I was told the night I met him that Sherlock Holmes was a great man, and that if we were all very lucky, he'd someday be a good one.

Well, I believe that he was. I don't know why he jumped off that building, but I will never believe it was out of a sense of guilt for a pack of lies—lies that make no sense, because they're based on the presumption that Sherlock Holmes cared what all of you think about him. He did not. He barely cared what I thought of him, and I was his best friend—his only friend, if he could be believed.

In my book, friends don't abandon each other in time of need. I never left my army buddies on the field, and I'm not going to abandon Sherlock now. Instead, I'm going to do my best to prove to all of you that his methods, the crimes he solved and, most important, the man himself were all real and true.

Sherlock Holmes was not a fraud. Because, honestly, he didn't care enough about what you think to have been worth his effort.

But I do. And I'm going to convince you.


John clicked Post and then leaned back in his chair, exhausted. He felt like he'd just run ten miles, but at the same time, he could feel a sense of purpose again.

He was going to prove to the world that Sherlock was the real thing.

He didn't have the resources to address the Moriarty issue, he thought as he walked across the room to pour himself a whiskey. (He deserved one, he thought, if only to be able to toast this new endeavour.) But he didn't need the big cases to prove his point. If anything, that would be detrimental because people had already made up their minds on those. No, he would start with the basics.

He had spent enough time with Sherlock at least to understand what he was doing, even if he didn't have half the man's observational skills—or encyclopaedic knowledge of, well, everything. John had been slower putting the pieces together, but then, so had everyone compared to Sherlock. But still—he understood the concept and the skill behind it.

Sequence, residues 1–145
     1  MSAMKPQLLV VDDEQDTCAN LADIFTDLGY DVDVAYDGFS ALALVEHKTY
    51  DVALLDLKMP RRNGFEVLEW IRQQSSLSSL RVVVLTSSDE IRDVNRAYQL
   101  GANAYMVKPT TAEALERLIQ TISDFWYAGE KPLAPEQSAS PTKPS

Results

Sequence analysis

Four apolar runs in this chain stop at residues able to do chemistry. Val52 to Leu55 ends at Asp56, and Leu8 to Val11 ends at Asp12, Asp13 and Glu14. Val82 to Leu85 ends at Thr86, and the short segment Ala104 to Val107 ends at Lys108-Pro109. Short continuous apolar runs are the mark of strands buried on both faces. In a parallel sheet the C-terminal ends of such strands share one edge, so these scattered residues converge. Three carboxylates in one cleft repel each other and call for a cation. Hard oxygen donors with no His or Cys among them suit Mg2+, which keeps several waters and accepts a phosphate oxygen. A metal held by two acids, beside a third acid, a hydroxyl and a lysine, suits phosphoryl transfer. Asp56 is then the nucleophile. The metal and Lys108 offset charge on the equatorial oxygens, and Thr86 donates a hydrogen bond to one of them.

So, without addressing anything in particular (like, say, Moriarty), he would start with the groundwork. Just like he'd been taught in school—you start with a foundation of common knowledge and then begin narrowing it down.

He would assume that his readers knew about as much as he had when he had met Sherlock—which was to say about what they picked up from watching mysteries on telly.

Then, using Sherlock's own website as reference, he would start laying down basic information—what to look for at a crime scene, how to read tracks left behind, how to analyse dirt or fibres. He would pull examples from cases he had worked on, or that were in Sherlock's files. He could photograph the packed bookcase here in 221B to give an idea of how much Sherlock had read and studied. (Maybe some pictures of the insides with his handwritten notes to prove that he'd actually read them?) He could talk about some of his experiments … if Sally had understood the science behind soil analysis, would she have been so quick to point fingers?

Sherlock had always complained that John's blog was too simple, that he skipped all the important details. Well, he would fix that. He would provide classes in "Deduction per Sherlock Holmes" and do everything he could to show that Sherlock had had the knowledge to solve every crime that had come his way. He wouldn't even have to worry about the Moriarty cases—he would just prove that all the hundreds of others were legitimate.

Maybe he could solicit referrals? He didn't want to turn his entire blog into Detection 101, after all, so maybe stories from satisfied customers, as it were? Even if not as actual blog posts, but a page of … comments? A forum? He didn't know enough to even know the terminology for what he wanted, but maybe finding a person to give the blog a tune-up or upgrade or whatever they called it wasn't a bad idea. He had the money in the bank, he thought, as long as the programmer wasn't too expensive.

Outside of the mechanics of running the site, the hardest part would be understanding enough of the deductions himself to be able to explain everything. But what better way to feel closer to his departed friend than to immerse himself in his work? If clearing Sherlock's name gave a purpose to John's empty days, all the better.


If you haven't listened yet, do go check out the song. "Brave."

Seriously. Go. The lyrics are so perfect for John here, you won't want to miss it.

brave . sarabareilles . com (remove the spaces)

(But don't blame me later when you hum it for days. It's worth it.)